COVID-19 has stormed the stage and cut the mics for now, but our local venues are working hard behind the scenes to prepare for the next act.
Rob Walsh, co-owner of Local 506 on West Franklin Street, describes the Orange County music scene prior to COVID-19 as “banging.”
(Packed house at Local 506 pre-COVID19)
Like so many other businesses and organizations, Rob’s venue is now in a holding pattern. “We were booked straight through the summer,” he says. “Everything has been canceled or postponed.”
Rob says that Local 506, which has been in operation since 1992, has purchased a regulation-size pool table and may open as a bar at a limited capacity when bars are permitted to do so. But it will be a far cry from their normal existence as a venue for live acts to perform in front of 250 people. “The business model is to gather as many people as you can really close together – and dance and party,” Rob says.
Because Local 506 welcomes bands that tour nationally and internationally, travel restrictions and precautions will make reopening all the more complicated. Luckily, the venue’s landlord has made it clear that he will not shut the doors on them.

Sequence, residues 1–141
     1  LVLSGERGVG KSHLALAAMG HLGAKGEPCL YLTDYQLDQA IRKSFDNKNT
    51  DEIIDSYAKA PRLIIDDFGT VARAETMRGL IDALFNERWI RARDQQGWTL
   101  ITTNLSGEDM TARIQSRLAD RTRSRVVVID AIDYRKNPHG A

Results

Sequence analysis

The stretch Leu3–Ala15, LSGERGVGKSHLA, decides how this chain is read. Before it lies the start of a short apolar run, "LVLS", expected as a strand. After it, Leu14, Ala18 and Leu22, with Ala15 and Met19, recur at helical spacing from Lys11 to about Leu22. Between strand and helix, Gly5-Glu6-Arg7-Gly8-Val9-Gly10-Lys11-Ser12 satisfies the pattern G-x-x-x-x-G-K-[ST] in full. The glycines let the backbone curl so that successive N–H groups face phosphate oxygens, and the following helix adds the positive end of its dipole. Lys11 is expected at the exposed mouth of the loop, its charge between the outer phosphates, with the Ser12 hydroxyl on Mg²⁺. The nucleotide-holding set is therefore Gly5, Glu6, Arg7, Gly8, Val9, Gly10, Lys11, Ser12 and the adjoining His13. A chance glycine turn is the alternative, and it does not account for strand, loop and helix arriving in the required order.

Rob, who is Local 506’s production person and usually starts his day by welcoming bands in the afternoon and checking sound, says his entire life has been turned upside down. “I find myself eating dinner at like 5 pm and in bed by midnight,” he says. “It’s a whole different thing.”
Beginning June 2 and in partnership with Chapel Hill Young Professionals, Local 506 will live stream shows. And a GoFundMe has raised almost $10,000 for the venue – all of the money can be redeemed for concert tickets when the venue reopens. Local 506 has also joined the National Independent Venue Association, a group of more than 1,200 independent music venues and promoters in all 50 states, to collectively urge Congress to help protect the industry by providing the financial support that is necessary to survive the shutdown.
On June 11, Eryk Pruitt and Lana Pierce – who have lived in Hillsborough since 2007 – will celebrate the one-year anniversary of their King Street bar and arts space Yonder. The question is: Will the couple be toasting that milestone alone?
Yonder shut down on March 17 at the direction of the governor. Eryk was grateful for the mandate. “Leaving it up to us, we didn’t know what to do,” he says.